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Best Famous Kenneth Patchen Poems

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by Kenneth Patchen | |

In the footsteps of the walking air

 In the footsteps of the walking air
Sky's prophetic chickens weave their cloth of awe
And hillsides lift green wings in somber journeying.
Night in his soft haste bumps on the shoulders of the abyss And a single drop of dark blood covers the earth.
Now is the China of the spirit at walking In my reaches.
A sable organ sounds in my gathered will And love's inscrutable skeleton sings.
My seeing moves under a vegetable shroud And dead forests stand where once Mary stood.
Sullen stone dogs wait in the groves of water .
.
.
Though the wanderer drown, his welfare is as a fire That burns at the bottom of the sea, warming Unknown roads for sleep to walk upon.


by Kenneth Patchen | |

The Slums

 That should be obvious
Of course it won't
Any fool knows that.
Even in the winter.
Consider for a moment.
What? Consider what! They never have.
Why now? Certainly it means nothing.
It's all a lie.
What else could it be? That's right.
Sure.
Any way you look at it.
A silk hat.
A fat belly.
A nice church to squat in.
My holy ass.
.
.
What should they care about? It's quaint.
Twelve kids on the fire escape.
.
.
Flowers on the windowsill.
.
.
You're damn right.
That's the way it is.
That's just the way it is.


by Kenneth Patchen | |

Creation

 Wherever the dead are there they are and
Nothing more.
But you and I can expect To see angels in the meadowgrass that look Like cows - And wherever we are in paradise in furnished room without bath and six flights up Is all God! We read To one another, loving the sound of the s’s Slipping up on the f’s and much is good Enough to raise the hair on our heads, like Rilke and Wilfred Owen Any person who loves another person, Wherever in the world, is with us in this room - Even though there are battlefields.


More great poems below...

by Kenneth Patchen | |

When We Were Here Together

 when we were here together in a place we did not know, nor one
another.
A bit of grass held between the teeth for a moment, bright hair on the wind.
What we were we did not know, nor even the grass or the flame of hair turning to ash on the wind.
But they lied about that.
From the beginning they lied.
To the child, telling him that there was somewhere anger against him, and a hatred against him, and the only reason for his being in the world.
But never did they tell him that the only evil and danger was in themselves; that they alone were the prisoners and the betrayers; that they - they alone - were responsible for what was being done in the world.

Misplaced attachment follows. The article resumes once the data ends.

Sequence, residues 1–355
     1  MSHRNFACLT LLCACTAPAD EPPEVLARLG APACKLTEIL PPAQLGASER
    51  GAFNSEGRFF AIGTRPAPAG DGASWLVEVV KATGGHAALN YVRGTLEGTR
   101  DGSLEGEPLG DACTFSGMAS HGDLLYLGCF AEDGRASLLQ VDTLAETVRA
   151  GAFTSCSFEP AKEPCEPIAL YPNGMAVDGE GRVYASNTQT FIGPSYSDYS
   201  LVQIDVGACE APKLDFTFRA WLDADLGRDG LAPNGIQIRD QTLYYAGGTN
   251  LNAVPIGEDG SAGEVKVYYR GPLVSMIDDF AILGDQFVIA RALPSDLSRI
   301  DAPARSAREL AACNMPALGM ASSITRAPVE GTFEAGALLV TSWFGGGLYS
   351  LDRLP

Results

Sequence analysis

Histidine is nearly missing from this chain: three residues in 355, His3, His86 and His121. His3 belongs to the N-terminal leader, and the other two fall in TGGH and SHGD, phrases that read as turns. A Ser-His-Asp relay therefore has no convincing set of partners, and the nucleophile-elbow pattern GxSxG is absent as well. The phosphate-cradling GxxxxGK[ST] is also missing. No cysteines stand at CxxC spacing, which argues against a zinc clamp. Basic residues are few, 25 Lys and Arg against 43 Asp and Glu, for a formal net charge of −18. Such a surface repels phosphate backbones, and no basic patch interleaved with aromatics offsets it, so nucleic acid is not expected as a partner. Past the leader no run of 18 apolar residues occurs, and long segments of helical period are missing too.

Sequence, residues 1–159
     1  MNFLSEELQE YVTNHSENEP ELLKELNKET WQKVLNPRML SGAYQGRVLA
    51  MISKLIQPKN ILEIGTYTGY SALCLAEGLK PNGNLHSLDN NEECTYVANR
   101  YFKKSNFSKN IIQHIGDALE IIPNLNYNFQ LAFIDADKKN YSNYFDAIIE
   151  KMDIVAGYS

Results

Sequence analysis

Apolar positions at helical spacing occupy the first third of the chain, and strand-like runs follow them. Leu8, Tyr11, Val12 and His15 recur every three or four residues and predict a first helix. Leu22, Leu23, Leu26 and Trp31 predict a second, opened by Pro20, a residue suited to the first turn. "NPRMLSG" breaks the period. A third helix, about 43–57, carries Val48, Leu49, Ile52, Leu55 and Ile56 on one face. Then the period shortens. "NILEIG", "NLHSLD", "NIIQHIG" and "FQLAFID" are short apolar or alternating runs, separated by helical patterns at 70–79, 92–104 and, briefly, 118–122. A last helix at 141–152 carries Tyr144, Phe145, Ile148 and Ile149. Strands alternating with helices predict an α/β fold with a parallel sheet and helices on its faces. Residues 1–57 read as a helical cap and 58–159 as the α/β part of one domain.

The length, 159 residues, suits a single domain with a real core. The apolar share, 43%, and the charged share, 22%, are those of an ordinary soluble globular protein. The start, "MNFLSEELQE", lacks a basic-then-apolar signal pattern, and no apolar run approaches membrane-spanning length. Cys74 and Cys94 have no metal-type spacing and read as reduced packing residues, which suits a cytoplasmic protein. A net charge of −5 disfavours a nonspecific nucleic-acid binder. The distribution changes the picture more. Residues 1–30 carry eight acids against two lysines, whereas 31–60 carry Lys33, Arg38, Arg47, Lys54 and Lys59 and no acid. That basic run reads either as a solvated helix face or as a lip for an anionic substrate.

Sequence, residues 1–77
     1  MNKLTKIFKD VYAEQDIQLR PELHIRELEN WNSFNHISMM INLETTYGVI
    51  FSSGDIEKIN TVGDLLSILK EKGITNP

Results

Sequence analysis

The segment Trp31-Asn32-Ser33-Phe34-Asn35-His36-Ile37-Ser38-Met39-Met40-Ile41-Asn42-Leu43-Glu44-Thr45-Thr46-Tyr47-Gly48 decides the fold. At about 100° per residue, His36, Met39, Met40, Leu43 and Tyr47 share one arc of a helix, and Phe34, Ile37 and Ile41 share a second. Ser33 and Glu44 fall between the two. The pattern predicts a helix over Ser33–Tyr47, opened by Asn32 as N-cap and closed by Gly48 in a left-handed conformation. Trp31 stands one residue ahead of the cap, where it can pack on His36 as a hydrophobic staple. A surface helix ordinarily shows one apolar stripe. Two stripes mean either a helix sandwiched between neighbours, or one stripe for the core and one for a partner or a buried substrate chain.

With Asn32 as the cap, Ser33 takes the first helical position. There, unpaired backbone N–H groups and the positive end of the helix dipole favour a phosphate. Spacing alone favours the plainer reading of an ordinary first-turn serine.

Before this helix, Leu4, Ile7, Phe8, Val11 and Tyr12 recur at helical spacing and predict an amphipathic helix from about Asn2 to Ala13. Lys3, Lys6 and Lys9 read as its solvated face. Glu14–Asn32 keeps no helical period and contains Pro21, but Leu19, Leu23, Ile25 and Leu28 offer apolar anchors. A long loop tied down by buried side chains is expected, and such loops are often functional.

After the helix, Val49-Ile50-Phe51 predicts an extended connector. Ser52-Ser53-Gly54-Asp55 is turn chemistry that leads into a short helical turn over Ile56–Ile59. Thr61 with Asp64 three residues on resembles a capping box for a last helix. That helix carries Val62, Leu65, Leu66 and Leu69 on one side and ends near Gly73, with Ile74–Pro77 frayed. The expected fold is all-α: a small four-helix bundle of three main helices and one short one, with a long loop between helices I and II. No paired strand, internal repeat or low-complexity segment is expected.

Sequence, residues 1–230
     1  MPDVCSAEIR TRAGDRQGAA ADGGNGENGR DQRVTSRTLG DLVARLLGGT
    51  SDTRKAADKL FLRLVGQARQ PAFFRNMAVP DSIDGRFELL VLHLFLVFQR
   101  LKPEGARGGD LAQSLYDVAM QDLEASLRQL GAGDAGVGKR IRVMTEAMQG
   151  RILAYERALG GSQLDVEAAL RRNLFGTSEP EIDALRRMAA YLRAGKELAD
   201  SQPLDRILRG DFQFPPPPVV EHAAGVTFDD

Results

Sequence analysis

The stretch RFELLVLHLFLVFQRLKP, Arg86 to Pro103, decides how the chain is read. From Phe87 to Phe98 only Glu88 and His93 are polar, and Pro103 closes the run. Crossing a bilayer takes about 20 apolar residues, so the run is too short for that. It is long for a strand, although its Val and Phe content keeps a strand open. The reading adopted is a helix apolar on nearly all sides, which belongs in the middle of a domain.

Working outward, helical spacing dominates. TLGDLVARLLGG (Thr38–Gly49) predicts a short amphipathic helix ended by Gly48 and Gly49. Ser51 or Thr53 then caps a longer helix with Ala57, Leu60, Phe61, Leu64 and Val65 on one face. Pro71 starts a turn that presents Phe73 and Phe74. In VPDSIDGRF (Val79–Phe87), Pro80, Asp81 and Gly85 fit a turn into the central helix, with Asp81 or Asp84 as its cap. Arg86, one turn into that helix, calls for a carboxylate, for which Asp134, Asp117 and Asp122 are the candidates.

And they told the child to starve and to kill the child that was within him; for only by doing this could he become a useful and adjusted member of the community which they had prepared for him.
And this time, alas, they did not lie.
And with the death of the child was born a thing that had neither the character of a man nor the character of a child, but was a horrible and monstrous parody of the two; and it is in this world now that the flesh of man’s spirit lies twisted and despoiled under the indifferent stars.
When we were here together in a place we did not know, nor one another.
O green the bit of warm grass between our teeth.
O beautiful the hair of our mortal goddess on the indifferent wind.


by Kenneth Patchen | |

As We Are So Wonderfully Done With Each Other

 As we are so wonderfully done with each other 
We can walk into our separate sleep 
on floors of music where the milkwhite cloak of childhood 
lies 

oh my love, my golden lark, my soft long doll 
Your lips have splashed my dull house with print of flowers 
My hands are crooked where they spilled over your dear 
curving 

It is good to be weary from that brilliant work 
It is being God to feel your breathing under me 

A waterglass on the bureau fills with morning.
.
.
.
.
Don't let anyone in to wake us


by Kenneth Patchen | |

The Hangmans Great Hands

 And all that is this day.
.
.
The boy with cap slung over what had been a face.
.
.
Somehow the cop will sleep tonight, will make love to his wife.
.
.
Anger won't help.
I was born angry.
Angry that my father was being burnt alive in the mills; Angry that none of us knew anything but filth, and poverty.
Angry because I was that very one somebody was supposed To be fighting for Turn him over; take a good look at his face.
.
.
Somebody is going to see that face for a long time.
I wash his hands that in the brightness they will shine.
We have a parent called the earth.
To be these buds and trees; this tameless bird Within the ground; this season's act upon the fields of Man.
To be equal to the littlest thing alive, While all the swarming stars move silent through The merest flower .
.
.
but the fog of guns.
The face with all the draining future left blank.
.
.
Those smug saints, whether of church or Stalin, Can get off the back of my people, and stay off.
Somebody is supposed to be fighting for somebody.
.
.
And Lenin is terribly silent, terribly silent and dead.


by Kenneth Patchen | |

Fall of the Evening Star

 Speak softly; sun going down
Out of sight.
Come near me now.
Dear dying fall of wings as birds complain against the gathering dark.
.
.
Exaggerate the green blood in grass; the music of leaves scraping space; Multiply the stillness by one sound; by one syllable of your name.
.
.
And all that is little is soon giant, all that is rare grows in common beauty To rest with my mouth on your mouth as somewhere a star falls And the earth takes it softly, in natural love.
.
.
Exactly as we take each other.
.
.
and go to sleep.
.
.


by Kenneth Patchen | |

Let Us Have Madness

 Let us have madness openly.
O men Of my generation.
Let us follow The footsteps of this slaughtered age: See it trail across Time's dim land Into the closed house of eternity With the noise that dying has, With the face that dead things wear-- nor ever say We wanted more; we looked to find An open door, an utter deed of love, Transforming day's evil darkness; but We found extended hell and fog Upon the earth, and within the head A rotting bog of lean huge graves.


by Kenneth Patchen | |

The Naked Land

 A beast stands at my eye.
I cook my senses in a dark fire.
The old wombs rot and the new mother Approaches with the footsteps of a world.